It is also worth noting that much of what the United States exports are parts for the assembly of products that are then shipped to this country, such as engines to Mexico that are assembled into cars. Some of the exports also include inputs that were produced in other countries. So these are examples of “exports” that don’t necessarily add many U.S. jobs.

Moreover, the 17 percent growth in exports Kirk touted is mostly making up lost ground from the recession. (Obama conveniently began his export initiative after exports had fallen 15 percent.) Export growth is actually negative if you measure it from 2008, although the net difference between exports and imports has narrowed somewhat.

Throwing in a reference to 1.8 million new private-sector jobs, as Kirk does, also gilds the lily. By the administration’s own math, exports support just 6.9 percent of all jobs. Exports, however, did increase faster in 2010 than the GDP, so it is possible that the percentage of jobs created by exports was slightly higher last year.

Carol Guthrie, a spokeswoman for Kirk, said that nothing in his statement was inaccurate.

“Ambassador Kirk’s emphasis on the president’s export program and on the continued ability of that program to meet its targets — something that we have been clear about and repeated often — does not become misleading because GDP was reported on the same day that we reiterated another long-standing metric,” Guthrie said. She noted that the GDP release was preliminary and could be revised with updated trade data.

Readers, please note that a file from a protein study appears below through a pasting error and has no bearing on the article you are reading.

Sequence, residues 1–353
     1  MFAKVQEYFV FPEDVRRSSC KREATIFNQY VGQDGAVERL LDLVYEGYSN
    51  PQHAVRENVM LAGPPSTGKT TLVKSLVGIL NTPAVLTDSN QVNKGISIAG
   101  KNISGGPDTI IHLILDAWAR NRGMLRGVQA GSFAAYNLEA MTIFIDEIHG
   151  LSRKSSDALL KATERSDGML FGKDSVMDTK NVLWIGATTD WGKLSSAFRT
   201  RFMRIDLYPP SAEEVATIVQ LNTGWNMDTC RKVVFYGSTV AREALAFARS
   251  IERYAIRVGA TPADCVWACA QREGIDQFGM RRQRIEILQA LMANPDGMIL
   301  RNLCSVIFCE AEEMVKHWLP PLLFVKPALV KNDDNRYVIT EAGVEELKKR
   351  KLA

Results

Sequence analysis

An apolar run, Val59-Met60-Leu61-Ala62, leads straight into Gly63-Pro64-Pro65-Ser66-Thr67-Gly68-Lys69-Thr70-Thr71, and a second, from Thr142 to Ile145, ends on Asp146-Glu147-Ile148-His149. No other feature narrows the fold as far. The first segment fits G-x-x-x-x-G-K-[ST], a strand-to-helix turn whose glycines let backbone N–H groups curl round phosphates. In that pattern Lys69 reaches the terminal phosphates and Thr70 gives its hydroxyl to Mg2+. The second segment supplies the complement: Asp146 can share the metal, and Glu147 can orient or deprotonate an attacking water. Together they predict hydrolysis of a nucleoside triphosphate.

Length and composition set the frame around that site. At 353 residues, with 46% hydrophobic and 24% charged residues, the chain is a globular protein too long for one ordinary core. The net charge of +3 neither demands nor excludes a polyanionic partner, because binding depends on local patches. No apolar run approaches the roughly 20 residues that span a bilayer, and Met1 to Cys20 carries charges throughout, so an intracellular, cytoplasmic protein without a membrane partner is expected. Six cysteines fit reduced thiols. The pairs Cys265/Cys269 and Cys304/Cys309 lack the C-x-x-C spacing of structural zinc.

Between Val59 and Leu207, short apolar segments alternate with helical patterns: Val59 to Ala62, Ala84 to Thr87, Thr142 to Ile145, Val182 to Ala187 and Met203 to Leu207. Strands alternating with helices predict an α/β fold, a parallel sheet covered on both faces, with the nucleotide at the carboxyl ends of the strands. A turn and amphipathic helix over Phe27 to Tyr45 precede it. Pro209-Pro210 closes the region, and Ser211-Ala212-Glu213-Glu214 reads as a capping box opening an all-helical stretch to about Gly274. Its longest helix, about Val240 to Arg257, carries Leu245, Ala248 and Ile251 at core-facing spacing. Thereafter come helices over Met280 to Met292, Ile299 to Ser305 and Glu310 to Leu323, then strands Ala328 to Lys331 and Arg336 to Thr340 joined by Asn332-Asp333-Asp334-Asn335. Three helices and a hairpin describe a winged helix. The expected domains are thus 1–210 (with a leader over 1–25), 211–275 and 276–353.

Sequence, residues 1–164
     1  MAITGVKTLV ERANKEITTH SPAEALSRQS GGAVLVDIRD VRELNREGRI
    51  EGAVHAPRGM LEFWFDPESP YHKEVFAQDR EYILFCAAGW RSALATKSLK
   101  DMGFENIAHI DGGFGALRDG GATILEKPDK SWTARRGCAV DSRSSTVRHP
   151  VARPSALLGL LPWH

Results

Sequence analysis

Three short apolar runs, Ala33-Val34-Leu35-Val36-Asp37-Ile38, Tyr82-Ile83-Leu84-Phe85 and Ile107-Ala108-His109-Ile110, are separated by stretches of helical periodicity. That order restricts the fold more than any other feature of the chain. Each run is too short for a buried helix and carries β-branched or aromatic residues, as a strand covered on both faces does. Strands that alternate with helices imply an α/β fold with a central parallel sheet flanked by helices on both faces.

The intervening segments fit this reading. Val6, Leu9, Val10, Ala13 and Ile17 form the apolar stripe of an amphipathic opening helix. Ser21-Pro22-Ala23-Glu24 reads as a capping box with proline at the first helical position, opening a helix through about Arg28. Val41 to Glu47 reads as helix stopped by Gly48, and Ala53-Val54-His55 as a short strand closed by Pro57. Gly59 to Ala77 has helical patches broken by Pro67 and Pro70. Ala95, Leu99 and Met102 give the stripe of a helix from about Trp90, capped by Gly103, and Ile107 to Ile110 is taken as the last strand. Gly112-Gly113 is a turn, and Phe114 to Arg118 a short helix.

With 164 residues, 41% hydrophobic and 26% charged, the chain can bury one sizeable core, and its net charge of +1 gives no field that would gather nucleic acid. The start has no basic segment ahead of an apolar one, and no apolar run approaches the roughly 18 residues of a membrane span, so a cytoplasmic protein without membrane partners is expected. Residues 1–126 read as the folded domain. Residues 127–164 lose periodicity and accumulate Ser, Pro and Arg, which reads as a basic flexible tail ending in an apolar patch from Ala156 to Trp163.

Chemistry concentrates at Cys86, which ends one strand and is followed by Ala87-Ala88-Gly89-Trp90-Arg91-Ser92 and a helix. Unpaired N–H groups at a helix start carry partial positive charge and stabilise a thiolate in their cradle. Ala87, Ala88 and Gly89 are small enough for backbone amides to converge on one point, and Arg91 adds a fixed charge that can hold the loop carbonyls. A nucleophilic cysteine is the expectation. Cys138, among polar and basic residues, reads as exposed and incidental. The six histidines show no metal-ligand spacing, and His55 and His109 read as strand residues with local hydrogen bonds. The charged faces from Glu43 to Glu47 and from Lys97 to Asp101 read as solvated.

Guthrie added: “We have always been clear that we were talking about the increase in both exports and export jobs from 2009, our base year. We have said from the beginning of this effort that we know exports (and export-supported jobs) tend to rebound following a recession, and so we are aware that we are recovering ground and that has been part of our intention. It’s hardly fair to discount this growth in export-supported jobs as ‘merely’ recovering ground; each job is an added job that certainly counts to the American now employed in it.”

Guthrie also argued that the relationship between imports and U.S. jobs is more complex than the relationship between exports and jobs. “Imports are often either inputs, commodities or things we don’t typically make here,” she said. “So while some imports displace jobs, some have no effect on jobs and some are even used by our domestic economy to create or support U.S. jobs. . . . It’s just not one for one as in a GDP accounting sense.”

The Pinocchio Test

We gave Guthrie a fair amount of space to make her case because economics is an inexact science with many points of view. (This is why every presidential candidate has been able to line up Nobel Prize-winning economists to support his economic plan.) But we stand by our general description of the economic rules involving exports and imports.

By that measure, Kirk’s statement claiming the administration is “getting results” is incomplete. The real measure of success is net export growth, preferably from 2008, not raw figures off an artificially low base generated by the recession. It was especially strange to brag about success on the very day the latest GDP report showed that export growth had slowed.

One Pinocchio